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SOURCES:

  1. Dehydration  (1997, medlineplus.gov)
  2. How  to Use a Chest Fly Machine (2020, verywellfit.com)
  3.  One Move For  A  Big Chest: Decline Barbell Bench Press (n.d., bodybuilding.com)                     
  4. Optimizing Protein Intake in Adults: Interpretation and Application of  the Recommended  Dietary  Allowance  Compared  with  the  Acceptable Macronutrient Distribution Range (2017, ncbi.nlm.nih.gov)
  5. Subcutaneous fat alterations resulting from an upper-body resistance  training   program. (2017, ncbi.nlm.nih.gov)
  6. Substituting healthy plant proteins for  red meat lowers risk for  heart  disease  (2019, hsph.harvard.edu)
  7. The impact of  soluble dietary fibre on  gastric emptying, postprandial  blood glucose and insulin in patients with type 2  diabetes. (2014, ncbi.nlm.nih.gov)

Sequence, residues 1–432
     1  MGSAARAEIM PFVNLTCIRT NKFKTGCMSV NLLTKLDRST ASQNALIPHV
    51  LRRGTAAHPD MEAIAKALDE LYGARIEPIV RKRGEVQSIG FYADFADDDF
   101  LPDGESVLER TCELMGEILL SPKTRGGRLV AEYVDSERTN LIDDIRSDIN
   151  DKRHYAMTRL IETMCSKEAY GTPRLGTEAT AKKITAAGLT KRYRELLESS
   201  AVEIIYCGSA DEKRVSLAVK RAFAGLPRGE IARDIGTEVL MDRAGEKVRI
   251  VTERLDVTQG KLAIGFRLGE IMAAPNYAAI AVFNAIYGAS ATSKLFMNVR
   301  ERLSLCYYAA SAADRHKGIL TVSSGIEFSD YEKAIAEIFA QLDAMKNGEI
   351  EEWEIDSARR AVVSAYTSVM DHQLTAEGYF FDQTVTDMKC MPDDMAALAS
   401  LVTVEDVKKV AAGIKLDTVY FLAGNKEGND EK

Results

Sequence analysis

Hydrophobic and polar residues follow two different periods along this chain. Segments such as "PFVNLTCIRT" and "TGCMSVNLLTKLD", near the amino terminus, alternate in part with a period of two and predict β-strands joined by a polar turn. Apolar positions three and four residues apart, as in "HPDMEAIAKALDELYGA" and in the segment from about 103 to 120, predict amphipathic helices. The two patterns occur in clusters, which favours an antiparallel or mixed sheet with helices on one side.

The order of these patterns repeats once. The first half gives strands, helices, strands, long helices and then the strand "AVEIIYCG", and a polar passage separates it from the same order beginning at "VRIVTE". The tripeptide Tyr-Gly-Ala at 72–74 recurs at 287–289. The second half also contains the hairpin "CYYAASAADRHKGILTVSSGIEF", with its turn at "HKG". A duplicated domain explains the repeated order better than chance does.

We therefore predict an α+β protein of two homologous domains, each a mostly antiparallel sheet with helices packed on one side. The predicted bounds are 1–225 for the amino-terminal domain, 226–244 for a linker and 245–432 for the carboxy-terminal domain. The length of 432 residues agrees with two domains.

8. The influence of  increased fluid intake in the prevention of  urinary  stone formation: a systematic review  (2013, ncbi.nlm.nih.gov)
  9.  This All-Pushups Workout Builds Your  Chest More Than Bench-Pressing   (2020, menshealth.com)
Laura VanTreese

Laura VanTreese

Hi! My name is Laura VanTreese. I am a professional nutritionist as well as personal trainer who has over 8 years of experience in the health and wellness world. I have worked in a variety of different settings as well as with a vast array of clientele. I worked primarily as a nutritionist in a public health setting working mainly with pregnant and postpartum women helping them to maintain a healthy lifestyle while juggling the new demands of motherhood. I've also worked for several years as a personal trainer and have helped numerous clients create a sustainable healthy lifestyle through manageable healthy eating habits and regular exercise routines. My main goal in life is to help others achieve their health and wellness goals and I'm so happy to have this platform to be able to do just that! :)